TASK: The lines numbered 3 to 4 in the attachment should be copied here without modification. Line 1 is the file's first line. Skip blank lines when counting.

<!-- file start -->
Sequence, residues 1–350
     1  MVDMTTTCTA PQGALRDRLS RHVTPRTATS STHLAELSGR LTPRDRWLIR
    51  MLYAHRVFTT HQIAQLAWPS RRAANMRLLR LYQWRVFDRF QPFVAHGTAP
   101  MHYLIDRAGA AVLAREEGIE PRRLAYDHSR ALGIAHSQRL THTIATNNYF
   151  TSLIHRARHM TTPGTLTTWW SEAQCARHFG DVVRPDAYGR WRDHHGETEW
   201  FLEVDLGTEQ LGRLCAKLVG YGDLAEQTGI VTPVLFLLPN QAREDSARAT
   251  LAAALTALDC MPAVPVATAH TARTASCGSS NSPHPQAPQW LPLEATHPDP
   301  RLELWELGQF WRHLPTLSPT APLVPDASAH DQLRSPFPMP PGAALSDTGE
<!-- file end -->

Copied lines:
    51  MLYAHRVFTT HQIAQLAWPS RRAANMRLLR LYQWRVFDRF QPFVAHGTAP
   101  MHYLIDRAGA AVLAREEGIE PRRLAYDHSR ALGIAHSQRL THTIATNNYF